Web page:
Using Google Spreadsheets in Defend the Dam

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This week has been an exciting one here at Dragon Army, as our latest game, Defend the Dam, is now available on iOS. If you haven’t already downloaded it, we suggest you pause here and go check it out for yourself.

Now that we have that covered, let’s go behind the scenes on how we used Google Spreadsheets when developing the content you’ll see in the game.

Defend the Dam has a LOT of content — enemies, turrets, levels, challenges, daily challenges, boosts, player progression, and even the copy for the tutorial. All of this data is static, which is to say–it’s the same for every player. When authoring static content for a game (or really, for any application), there are a number of things you want to worry about:

1) How do you author/update the content?

2) How do you deliver the content?

3) How do you integrate the content into your game?

For Defend the Dam, we decided very early in the development process to use Google Spreadsheets as our Content Management System (CMS). In this post I’ll walk through the three above points and talk about how we’ve integrated those spreadsheets into our game development process. Here’s a gist (link) which talks more technically about how to get this going in Unity.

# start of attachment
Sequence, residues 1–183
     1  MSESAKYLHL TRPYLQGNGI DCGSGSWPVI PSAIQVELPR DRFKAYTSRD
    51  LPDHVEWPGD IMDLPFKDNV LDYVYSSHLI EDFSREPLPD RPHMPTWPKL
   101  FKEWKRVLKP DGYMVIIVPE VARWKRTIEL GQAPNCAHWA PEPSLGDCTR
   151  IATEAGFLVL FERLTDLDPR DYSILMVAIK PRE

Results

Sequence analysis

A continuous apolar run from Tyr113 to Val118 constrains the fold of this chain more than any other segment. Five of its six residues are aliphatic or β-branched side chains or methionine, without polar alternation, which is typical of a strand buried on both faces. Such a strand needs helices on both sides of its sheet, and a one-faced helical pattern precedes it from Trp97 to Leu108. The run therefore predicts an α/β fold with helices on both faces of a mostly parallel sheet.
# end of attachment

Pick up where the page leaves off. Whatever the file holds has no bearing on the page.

1) How do you author/update the content?

How you author your content is going to depend heavily on what your content looks like. If you’re doing a tile-based RPG, then a spreadsheet is probably a poor choice. Ultimately our content goes into the game as a CSV, so on the low end we could just have our developers and content designers use a text editor to write CSVs… but a text editor isn’t the greatest tool for editing tabular data. On the higher end, we could write a custom web CMS in a tool like Ruby on Rails for entering content. This allows us to have more control over the types of data entered into the CMS, custom validation logic, real SQL-backed foreign key constraints, and more fine-grained control over how data is exported… but it also means we have to spend time building the CMS.

For us Google Spreadsheets strikes a nice balance of being much more usable than a text editor and essentially no work to set up. In database terms, each sheet on a spreadsheet is essentially a single SQL database. The first row is used for property names and the second row is used to define the property type (string, float, int, bool, enum). Past that is the actual data for the app. Our largest model is our Wave model with 3,178 rows (a single playable level in DtD has ~10 waves of enemies, and each wave can have any number of enemies). Our smallest is our enemy model, which contains things like velocity, health, and damage for our 14 basic enemies. Google Spreadsheets start to bog down once you get into the multi-thousand row territory, but it wasn’t painful enough for us that we considered switching over to a custom CMS.

Google Spreadsheets automatically version and keep history, but we also check in the derived CSVs into our own source control. Should something catastrophic every happen to one of our content sheets, we could just re-import the most recent CSV.

2) How do you deliver the content?